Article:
Anyone who has morals would be morally wrong if they used those morals to make immoral ends. People with morals should not be seen doing immoral acts. Within “Letter from Birmingham Jail” King states another point that shows what was happening in the United States is ethically wrong. He states, “privileged groups seldom give up their privileges voluntarily” (2). Therefore King’s use of ethos played a big role in changing America’s frame of
This ideology is counter to that of liberalism as it infringes on the natural rights of its citizens, and it is undemocratic as this society would not have the consent of the governed as a whole. Furthermore, counters the rule of law because the author believes the authority should never be challenged, and therefore the author suggests that the authority is exempt of these laws. A thinker such as Hobbes would agree with the author of this source as he believed that without a strong government it would lead to nation wide chaos, such as that that the author describes through the use of the phrase, “A society that allows authority to be challenged will never succeed.”. Additionally, Locke would disagree with all parts of this source, as he believed that individuals know for themselves what is best and therefore should have the freedom to make their own decisions. For the second sentence of this source Locke and Rousseau would both disagree as they believed that consent of the governed was vital to society, which directly contradicts the authors issues with the challenging
On Authority and the Dichotomy of Morality “It is dangerous to be right in matters on which the established authorities are wrong.” -Voltaire, The Age of Louis XIV Authority comes in many forms, and all of them, at some point, by someone, are resisted. Be it for selfish purposes, for others’ good, or for the sake of resistance in and of itself, it is done. This quote by Voltaire offers a hard to contest critique on the nature of society, and of both the people within it and the authorities that govern it. In other words, it states that people lauded for being right have no interest in being told they are not, and tend to be in a position where they can make sure that they are not, much to the detriment of those who wish to do so. It is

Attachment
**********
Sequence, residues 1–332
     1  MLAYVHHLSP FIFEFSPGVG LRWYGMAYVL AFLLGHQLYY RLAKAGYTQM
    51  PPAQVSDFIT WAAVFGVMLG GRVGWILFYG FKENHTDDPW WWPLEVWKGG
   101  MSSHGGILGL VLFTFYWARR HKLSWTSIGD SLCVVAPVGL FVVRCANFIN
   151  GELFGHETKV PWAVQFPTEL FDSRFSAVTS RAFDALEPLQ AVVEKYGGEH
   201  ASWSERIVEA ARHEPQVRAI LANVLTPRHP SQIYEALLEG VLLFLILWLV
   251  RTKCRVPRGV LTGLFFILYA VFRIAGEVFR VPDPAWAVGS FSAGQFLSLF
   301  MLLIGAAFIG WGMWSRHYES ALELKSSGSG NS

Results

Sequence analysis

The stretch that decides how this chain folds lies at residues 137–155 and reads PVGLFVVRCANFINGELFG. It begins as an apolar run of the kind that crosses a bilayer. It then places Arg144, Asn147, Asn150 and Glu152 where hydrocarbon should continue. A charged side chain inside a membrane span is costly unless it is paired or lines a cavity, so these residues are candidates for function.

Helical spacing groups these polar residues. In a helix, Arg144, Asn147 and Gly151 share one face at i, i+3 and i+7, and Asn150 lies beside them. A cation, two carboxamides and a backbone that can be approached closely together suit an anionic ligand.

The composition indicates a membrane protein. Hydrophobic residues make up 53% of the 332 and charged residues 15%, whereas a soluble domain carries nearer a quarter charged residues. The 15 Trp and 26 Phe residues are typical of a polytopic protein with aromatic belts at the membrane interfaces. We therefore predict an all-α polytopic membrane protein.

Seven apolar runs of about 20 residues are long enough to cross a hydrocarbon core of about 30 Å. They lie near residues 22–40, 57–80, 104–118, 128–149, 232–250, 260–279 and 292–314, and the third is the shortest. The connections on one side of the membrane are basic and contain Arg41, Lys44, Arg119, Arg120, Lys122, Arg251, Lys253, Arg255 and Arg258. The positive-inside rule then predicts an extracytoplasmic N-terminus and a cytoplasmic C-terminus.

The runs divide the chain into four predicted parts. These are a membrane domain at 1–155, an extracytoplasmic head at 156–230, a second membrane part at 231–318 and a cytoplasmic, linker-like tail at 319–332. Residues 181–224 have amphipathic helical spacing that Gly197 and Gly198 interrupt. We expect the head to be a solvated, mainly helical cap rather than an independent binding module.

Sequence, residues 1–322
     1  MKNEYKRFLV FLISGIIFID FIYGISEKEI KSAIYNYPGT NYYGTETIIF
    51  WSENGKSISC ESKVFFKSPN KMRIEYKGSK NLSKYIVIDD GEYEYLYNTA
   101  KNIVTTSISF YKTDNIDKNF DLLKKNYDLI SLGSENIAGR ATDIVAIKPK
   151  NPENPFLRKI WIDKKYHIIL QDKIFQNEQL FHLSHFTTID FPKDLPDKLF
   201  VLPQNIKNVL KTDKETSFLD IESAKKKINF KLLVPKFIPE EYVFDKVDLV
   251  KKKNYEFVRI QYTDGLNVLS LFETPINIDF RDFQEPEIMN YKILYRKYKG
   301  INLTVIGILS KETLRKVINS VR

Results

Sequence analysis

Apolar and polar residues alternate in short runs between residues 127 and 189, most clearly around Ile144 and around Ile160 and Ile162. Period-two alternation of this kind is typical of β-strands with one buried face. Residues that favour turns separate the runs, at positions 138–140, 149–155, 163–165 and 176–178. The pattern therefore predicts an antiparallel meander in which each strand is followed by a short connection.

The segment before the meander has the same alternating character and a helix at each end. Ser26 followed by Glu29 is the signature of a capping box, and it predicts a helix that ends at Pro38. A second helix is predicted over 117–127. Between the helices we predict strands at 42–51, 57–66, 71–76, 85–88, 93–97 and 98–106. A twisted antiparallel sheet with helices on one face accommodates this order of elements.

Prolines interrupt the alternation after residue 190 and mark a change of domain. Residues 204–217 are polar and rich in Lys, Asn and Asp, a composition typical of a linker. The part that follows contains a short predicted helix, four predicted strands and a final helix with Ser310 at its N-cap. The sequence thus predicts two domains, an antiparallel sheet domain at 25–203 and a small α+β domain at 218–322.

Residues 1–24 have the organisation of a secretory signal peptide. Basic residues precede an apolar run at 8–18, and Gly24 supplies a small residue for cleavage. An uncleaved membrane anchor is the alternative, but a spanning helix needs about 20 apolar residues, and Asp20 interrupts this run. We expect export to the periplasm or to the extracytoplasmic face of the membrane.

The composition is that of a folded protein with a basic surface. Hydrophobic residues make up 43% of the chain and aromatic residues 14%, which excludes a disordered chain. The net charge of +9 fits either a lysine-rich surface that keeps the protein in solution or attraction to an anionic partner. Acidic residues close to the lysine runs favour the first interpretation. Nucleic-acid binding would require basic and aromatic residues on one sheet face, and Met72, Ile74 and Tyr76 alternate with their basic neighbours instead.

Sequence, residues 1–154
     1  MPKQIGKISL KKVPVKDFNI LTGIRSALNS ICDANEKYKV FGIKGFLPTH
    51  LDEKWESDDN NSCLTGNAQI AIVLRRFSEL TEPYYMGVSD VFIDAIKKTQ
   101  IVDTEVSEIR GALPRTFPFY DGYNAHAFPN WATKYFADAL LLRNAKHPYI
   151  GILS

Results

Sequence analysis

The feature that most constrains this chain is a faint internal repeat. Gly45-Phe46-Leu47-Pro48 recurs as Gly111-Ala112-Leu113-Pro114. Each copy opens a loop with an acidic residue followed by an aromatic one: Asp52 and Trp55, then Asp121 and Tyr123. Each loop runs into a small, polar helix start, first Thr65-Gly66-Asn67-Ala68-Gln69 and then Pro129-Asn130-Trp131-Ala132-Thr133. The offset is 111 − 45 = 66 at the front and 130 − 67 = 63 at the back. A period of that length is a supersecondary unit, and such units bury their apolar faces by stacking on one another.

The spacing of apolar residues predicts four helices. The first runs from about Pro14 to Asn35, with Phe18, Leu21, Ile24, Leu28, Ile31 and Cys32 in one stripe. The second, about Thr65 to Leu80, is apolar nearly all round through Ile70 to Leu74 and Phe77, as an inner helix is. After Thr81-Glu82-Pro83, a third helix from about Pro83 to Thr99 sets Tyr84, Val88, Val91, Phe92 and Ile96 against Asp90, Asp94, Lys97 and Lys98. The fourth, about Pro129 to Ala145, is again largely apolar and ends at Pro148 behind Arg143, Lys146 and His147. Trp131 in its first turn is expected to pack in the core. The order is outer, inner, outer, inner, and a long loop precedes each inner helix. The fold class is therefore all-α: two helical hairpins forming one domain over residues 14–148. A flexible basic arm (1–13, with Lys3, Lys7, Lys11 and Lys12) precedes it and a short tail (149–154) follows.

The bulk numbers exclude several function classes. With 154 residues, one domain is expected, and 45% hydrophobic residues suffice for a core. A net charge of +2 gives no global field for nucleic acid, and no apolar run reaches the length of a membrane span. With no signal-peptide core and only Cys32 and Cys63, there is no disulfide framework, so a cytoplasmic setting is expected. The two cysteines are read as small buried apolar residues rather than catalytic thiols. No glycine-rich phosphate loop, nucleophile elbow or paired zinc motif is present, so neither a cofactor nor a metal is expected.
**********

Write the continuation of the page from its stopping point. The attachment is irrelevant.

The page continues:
If we have respect for ourselves, then we would not let other people take advantage of us. Whenever we do not have respect for ourselves, we would not have confidence and love ourselves. Self-respect is when you know how you should be treated by other people and yourself, and you do not tolerate people who depreciate them. Nowadays, anyone who does not respect themselves has usually held themselves lower than their peers. They think that everyone is better than their self and they typically belittle themselves too.
In this prompt the argument that Morality exists is irrelevant, contrary to our thoughts and beliefs. Everyone follows a set of moral rules. Ethical relativists disagree with this belief because, they believe that morals are distinctive from each individual culture. These relativists as described are mixing up moral and cultural distinctions, or are simply not willing to completely understanding the cultures they are standing up for. There are two different types of relativism Ethical, and Cultural, that rely upon the argument of cultural differences, which have flaws that make the argument unsound.
Our problems in the world today cannot be conquered if only a few are strong enough to speak out over many. Morality is a constant negotiation between self and society in what appears to morally justified. Nothing can be truly morally justified for all, but if everyone follows their hearts into what they feel is right, then there has to be some good to come out in the
Unless there is a way to prove that common sense is the ‘correct’ view then this “criticism has no force” (ibid). The problem with this response is that if utilitarianism does not cohere with humans’ common sense, then even if it does provide the ‘correct’ answers, it seems like a theory which is far removed for humans’ natural moral instincts and a challenge to understand, so would then not be the best theory to use when handling moral
They came up with contradicting conclusions about morality. One of it was their stand about moral rules in the way which different communities also govern its people in different ways. For me, an example of which is that (The way how ‘community X’ govern its people is way too different with the way how ‘community Y’ govern its peo-ple; therefore the way how ‘community X’ govern its people is not and will never be applicable in the ‘community Y’). Sophists also believe that moral rules are unnatural because the Sophists noticed that people only obey the moral rules for the fact that they can only be judged afterwards if they would not follow it. My example for this theory is that: (The government said that piracy is a crime and that people must not commit this mistake, meanwhile, some people doesn’t really want to obey it but because of the fact that they would be put into jail for this crime then they would come up with the decision to just follow the moral rule, morality in this sense is really unnatural.)
This metaphor reminds the reader that no matter how much someone tries, perfection is unrealistic and unnecessary. People should not strive to achieve perfection because the idea of perfection is what society has planted into our minds. Instead people should strive to be unique and the best version of themselves. This idea is also backed up by Erins use of personification. After demonstrating the frustrating aspects of being human, Erin offers some reassurance.